A knot joins the two and a bit of heat shrink covers the ends to make it look neater. The knot stops the cord from being pulled through the sleeve in the hull. The bungee is attached to the toggle's original anchor point on deck.
retractable handle_2
Dyneema/bungee junction
The handle has a short stand-off from the hull so it can be grabbed easily when in a hurry (like in the surf).
retractable handle_1
handle with stand-off
The idea of having a retractable handle came to me after I had drilled and sleeved the end of the hull of my kayak.
If I had to do it again I would position the sleeve on a slant to alleviate the (right) angle of the hole and have it more in line with the toggle cord. That would achieve less friction when the handle is pulled out and possibly reduce the wear on the line.

PS You have seen this set up here first

15 February 2011

Kayak length, speed and stability: observations

Don't get too hung up on length and speed. Because, as you say, all other things aren't equal here. Longer hull at the same beam and hull shape also means increased wetted surface and more drag. It also requires more materials to build, so its heavier and that takes more energy to accelerate.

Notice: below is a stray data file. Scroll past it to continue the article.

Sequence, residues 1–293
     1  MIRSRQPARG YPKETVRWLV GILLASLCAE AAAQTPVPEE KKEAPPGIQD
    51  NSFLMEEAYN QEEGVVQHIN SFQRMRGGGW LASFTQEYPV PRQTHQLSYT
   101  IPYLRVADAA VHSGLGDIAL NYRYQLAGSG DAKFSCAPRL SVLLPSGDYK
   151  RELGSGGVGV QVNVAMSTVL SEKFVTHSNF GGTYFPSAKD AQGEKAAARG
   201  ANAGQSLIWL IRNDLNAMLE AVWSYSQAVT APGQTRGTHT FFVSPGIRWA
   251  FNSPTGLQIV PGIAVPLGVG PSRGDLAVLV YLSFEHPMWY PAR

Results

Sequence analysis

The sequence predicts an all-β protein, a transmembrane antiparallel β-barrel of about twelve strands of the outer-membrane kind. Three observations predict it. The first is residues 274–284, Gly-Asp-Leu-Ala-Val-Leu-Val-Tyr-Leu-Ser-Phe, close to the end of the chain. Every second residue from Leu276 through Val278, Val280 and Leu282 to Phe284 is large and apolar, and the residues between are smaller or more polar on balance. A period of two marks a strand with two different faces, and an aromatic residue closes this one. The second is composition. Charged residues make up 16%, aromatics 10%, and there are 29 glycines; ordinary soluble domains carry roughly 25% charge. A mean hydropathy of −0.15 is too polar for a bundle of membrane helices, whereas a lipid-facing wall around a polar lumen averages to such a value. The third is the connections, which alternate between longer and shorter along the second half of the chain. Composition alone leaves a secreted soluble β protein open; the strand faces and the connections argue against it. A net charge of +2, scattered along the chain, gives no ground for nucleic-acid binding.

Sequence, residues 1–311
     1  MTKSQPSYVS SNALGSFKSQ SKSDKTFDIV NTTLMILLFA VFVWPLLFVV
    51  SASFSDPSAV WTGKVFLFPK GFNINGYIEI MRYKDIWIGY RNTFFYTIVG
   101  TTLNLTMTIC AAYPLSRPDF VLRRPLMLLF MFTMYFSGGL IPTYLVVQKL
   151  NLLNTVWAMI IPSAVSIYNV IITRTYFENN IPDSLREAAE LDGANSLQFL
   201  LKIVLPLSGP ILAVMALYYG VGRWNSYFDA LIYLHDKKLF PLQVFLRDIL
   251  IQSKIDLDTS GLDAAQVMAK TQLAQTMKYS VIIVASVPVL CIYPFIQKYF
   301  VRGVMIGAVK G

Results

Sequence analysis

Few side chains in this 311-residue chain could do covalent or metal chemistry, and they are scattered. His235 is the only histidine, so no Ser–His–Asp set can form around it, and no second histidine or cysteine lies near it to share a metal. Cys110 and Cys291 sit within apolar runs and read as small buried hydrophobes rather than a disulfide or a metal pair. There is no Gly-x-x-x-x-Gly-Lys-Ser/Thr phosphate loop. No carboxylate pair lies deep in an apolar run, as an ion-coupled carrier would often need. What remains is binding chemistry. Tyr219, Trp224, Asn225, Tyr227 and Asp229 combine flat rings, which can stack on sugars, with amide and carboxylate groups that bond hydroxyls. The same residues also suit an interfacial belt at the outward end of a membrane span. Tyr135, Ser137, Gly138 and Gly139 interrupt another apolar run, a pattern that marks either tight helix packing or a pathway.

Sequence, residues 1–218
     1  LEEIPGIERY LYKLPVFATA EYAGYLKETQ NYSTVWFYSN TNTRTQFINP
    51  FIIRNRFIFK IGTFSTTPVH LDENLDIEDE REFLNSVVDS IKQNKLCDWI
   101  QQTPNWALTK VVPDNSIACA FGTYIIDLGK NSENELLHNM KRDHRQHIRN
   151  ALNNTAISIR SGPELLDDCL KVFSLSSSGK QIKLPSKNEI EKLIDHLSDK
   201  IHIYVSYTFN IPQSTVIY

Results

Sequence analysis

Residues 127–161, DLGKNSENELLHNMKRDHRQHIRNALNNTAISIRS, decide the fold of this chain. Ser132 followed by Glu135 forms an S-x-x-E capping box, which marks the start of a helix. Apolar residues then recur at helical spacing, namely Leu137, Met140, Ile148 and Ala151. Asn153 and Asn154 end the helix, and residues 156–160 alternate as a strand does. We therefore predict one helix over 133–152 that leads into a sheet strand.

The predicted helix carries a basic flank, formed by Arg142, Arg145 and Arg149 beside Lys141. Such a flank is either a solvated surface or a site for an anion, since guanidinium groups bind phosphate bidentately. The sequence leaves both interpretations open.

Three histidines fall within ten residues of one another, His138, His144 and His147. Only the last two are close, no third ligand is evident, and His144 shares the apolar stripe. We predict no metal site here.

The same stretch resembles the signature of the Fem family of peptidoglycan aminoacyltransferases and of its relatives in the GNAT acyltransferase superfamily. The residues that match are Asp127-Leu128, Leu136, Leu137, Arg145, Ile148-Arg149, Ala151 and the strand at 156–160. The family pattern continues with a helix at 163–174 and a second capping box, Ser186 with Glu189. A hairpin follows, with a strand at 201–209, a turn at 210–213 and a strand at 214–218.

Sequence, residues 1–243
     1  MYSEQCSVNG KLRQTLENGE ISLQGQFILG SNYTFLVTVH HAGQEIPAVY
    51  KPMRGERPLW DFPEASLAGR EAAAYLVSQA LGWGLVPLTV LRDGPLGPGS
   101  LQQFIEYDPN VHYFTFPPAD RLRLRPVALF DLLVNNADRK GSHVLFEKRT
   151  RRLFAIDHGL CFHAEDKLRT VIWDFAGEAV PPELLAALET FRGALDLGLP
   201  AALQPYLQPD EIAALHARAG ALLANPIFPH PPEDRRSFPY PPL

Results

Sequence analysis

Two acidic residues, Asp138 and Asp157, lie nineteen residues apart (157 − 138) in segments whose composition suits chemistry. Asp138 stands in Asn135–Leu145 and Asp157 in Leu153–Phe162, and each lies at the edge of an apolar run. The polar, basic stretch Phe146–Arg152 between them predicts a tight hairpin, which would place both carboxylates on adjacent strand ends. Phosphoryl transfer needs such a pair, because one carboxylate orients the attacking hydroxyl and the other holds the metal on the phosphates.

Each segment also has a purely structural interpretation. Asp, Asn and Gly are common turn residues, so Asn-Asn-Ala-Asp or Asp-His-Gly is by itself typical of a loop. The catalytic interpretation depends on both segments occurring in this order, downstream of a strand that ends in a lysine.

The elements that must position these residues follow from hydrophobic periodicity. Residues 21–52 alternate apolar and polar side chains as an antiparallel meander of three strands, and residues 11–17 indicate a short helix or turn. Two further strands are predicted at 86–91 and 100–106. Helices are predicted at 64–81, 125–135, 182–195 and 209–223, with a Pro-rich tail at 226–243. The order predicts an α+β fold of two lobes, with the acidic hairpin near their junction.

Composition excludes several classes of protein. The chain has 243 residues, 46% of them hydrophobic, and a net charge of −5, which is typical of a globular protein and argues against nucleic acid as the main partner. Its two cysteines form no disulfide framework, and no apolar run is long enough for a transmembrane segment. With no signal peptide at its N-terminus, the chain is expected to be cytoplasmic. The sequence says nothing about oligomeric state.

Even ignoring that, the relationship between hull speed and length is proportional to the square root of the waterline length not the actual waterline length. Note: Waterline length not overall length. A long boat with less than it's design load sits up out of the water and has a shorter waterline length than the same boat loaded. The difference in hull speed between a 580 and a 530 would be less than a quarter of a knot or 0.5 km/h. For both boats it would be between 9 and 10 km/hr and thats a very fast pace to maintain cruising any distance. Unless you're racing you probably won't notice the difference.